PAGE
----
It’s a concept that sounds as if were pulled directly out of a Hollywood boardroom from hell: What if Sherlock Holmes was a teenage girl? Sir Arthur Conan Doyle likely never dreamed of giving the Holmes family a decidedly feminine bent, but Nancy Springer did just that with her best-selling “Enola Holmes Mysteries” YA series, which doesn’t gender-bend the literary detective so much as create a wily new version in the form of his whip-smart younger sister. Six books in, the series has spawned a Netflix adaptation starring “Stranger Things” breakout Millie Bobby Brown. It’s a frisky new would-be franchise that seamlessly translates to the screen, and shows just how inspired Springer’s idea really was.
Helmed by long-time small-screen director Harry Bradbeer — and rife with all the winking and fourth wall-breaking you’d expect from the two-time “Fleabag” Emmy winner — “Enola Holmes” opens with a dizzying amount of information. Told in zippy, scrapbook style as Brown happily chats her way through a slew of Very Important Points, we learn the basics: she’s the youngest Holmes kid, her dad is dead, her famous big brothers don’t really know her, and she’s spent most of her life hanging out with her beloved mother (an underutilized Helena Bonham Carter). It’s her mum who is really obsessed with word games, leading to the (oft-reminded) creation of Enola’s name, which is “alone,” backward.
The mind tricks will certainly get better from there, as Bradbeer’s film is rife with all sorts of mysterious twists and turns and shocks. It also never forgets that it’s inspired by a series designed for the younger set, but as Jack Thorne’s script steadily ratchets up the drama (though at just over two hours, some of that ratcheting could have come more quickly), “Enola Holmes” reveals itself to be genuinely appealing for a wide audience.
It’s also refreshingly timely. Enola tells her audience about a childhood spent doing “different things” with her mum, from reading every book in the family’s sizable library to playing actual sports around the house (and often inside the house). Mrs. Holmes is a clear believer in equal rights (and carefully-dropped hints let on early that such concerns might frame a bigger mystery), and Enola has long enjoyed being very much her own person. The pair of them have happily lived for years, unburdened by societal expectations, but all that is about to change: On Enola’s 16th birthday, her mom goes missing.
Soon, her famous big brothers — Henry Cavill as a smiling and smooth Sherlock, Sam Claflin as the perpetually buttoned-up and by-the-book Mycroft — descend on their crumbling manor, intent on packing Enola off to finishing school to, well, finish. Convinced her mother left clues as to her whereabouts, and possessing a brain to rival Sherlock’s, Enola sets off on what will become her first mission as a fledgling detective.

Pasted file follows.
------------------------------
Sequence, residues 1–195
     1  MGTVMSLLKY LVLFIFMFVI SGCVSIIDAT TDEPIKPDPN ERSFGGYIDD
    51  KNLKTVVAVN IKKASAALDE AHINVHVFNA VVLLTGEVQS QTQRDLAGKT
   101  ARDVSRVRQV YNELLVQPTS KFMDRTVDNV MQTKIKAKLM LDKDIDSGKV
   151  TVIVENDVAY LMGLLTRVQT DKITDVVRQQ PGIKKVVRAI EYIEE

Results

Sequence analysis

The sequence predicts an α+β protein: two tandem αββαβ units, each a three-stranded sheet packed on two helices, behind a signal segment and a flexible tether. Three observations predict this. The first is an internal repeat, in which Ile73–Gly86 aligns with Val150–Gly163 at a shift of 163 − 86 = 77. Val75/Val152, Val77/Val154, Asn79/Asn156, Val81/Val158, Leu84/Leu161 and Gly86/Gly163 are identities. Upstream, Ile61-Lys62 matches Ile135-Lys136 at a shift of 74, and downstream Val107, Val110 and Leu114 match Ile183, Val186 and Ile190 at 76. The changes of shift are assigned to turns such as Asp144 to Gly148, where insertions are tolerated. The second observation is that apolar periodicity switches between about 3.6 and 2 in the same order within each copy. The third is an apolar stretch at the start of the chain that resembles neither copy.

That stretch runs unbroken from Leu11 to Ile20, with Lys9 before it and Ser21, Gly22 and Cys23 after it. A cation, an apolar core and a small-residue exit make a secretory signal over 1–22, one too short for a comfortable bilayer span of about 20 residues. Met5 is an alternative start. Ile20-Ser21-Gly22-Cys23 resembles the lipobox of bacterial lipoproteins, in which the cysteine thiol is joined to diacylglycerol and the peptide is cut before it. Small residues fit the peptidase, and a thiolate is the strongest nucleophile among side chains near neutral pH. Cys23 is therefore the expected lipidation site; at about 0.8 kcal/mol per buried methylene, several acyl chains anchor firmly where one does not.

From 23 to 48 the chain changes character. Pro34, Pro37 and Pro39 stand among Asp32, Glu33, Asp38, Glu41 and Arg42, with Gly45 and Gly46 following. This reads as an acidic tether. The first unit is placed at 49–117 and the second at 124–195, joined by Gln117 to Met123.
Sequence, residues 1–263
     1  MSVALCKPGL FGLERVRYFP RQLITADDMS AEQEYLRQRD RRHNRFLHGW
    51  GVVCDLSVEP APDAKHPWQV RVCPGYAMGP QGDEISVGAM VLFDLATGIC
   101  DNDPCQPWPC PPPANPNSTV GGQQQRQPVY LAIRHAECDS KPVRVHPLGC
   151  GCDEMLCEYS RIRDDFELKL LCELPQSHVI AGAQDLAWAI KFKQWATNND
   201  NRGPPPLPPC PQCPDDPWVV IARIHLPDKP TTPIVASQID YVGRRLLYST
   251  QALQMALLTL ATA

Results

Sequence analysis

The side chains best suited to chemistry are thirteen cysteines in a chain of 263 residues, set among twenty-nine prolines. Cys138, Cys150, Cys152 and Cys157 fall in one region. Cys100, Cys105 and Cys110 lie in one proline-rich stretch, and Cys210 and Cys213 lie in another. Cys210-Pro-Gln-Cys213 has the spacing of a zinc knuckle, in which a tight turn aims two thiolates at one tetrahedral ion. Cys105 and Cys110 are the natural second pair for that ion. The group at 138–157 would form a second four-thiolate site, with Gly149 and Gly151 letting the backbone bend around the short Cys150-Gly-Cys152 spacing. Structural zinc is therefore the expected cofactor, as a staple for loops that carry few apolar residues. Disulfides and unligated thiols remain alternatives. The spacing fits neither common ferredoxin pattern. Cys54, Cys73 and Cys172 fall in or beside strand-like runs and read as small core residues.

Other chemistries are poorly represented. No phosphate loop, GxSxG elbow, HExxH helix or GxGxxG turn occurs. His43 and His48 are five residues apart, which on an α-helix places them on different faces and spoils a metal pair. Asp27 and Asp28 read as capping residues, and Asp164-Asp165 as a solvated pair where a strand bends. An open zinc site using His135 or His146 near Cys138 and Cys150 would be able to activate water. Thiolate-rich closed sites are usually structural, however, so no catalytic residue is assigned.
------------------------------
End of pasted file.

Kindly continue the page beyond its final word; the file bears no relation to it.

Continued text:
Predictably convoluted (and, of course, wrapped up tight by its end), Enola’s journey takes her everywhere from dirty old London to a sprawling country estate, complete with a number of amusing costume changes (Brown has a delightful time going undercover, and costume designer Consolata Boyle does fitting work) and plenty of action. (When she said she learned “sports” from her mom? That meant martial arts and hand-to-hand combat.) A seemingly serendipitous run-in with a young lord (Louis Partridge) frames another mystery for her to unravel (or is it the same mystery?), as Enola’s already complicated life only grows bigger (and more fun).
Hot on her trail are her brothers, with Cavill adding a debonair edge to Sherlock and Claflin gleefully toying with Mycroft’s uptight nature (is he a bad guy? just a bit of a wanker? could go either way!), as Enola attempts to make her way in the world. Early hints as to a much bigger mystery eventually pan out, as Enola discovers just how much some people don’t want the world to change (sound familiar?). That this is all being unearthed by a plucky girl detective is no accident, and “Enola Holmes” doesn’t just use its heroine as a cute way to nod at progressive thinking; it fully embraces a story that is, at its heart, deeply feminist.
As Enola tumbles through stickier circumstances, with her brothers and a cadre of potential baddies on her heels, she becomes more deeply invested in a world in which the status quo is no longer enough, even as the old guard is desperate to hang on to it. “Year of the Rabbit” star Susan Wokoma makes a memorable turn as Holmes family friend Edith (whose very existence hints that Enola’s own memory might not be the most reliable), while Partridge makes for an endearing foil for the wild star and her increasingly insane quest.
While some of the hijinks go somewhat slack in the film’s middle — 123 minutes is a lot of time to fill, even with so many twists and turns — “Enola Holmes” and its winning heroine drive straight into an appropriately shocking conclusion that neatly sets up further adventures. Along the way, it establishes Enola and her evolving world as one both entertaining and instructive, a glimpse at a people and place on the cusp of something better and bigger, and willing to follow every clue to get there.
“Enola Holmes” will be available to stream on Netflix starting on Friday, September 23.
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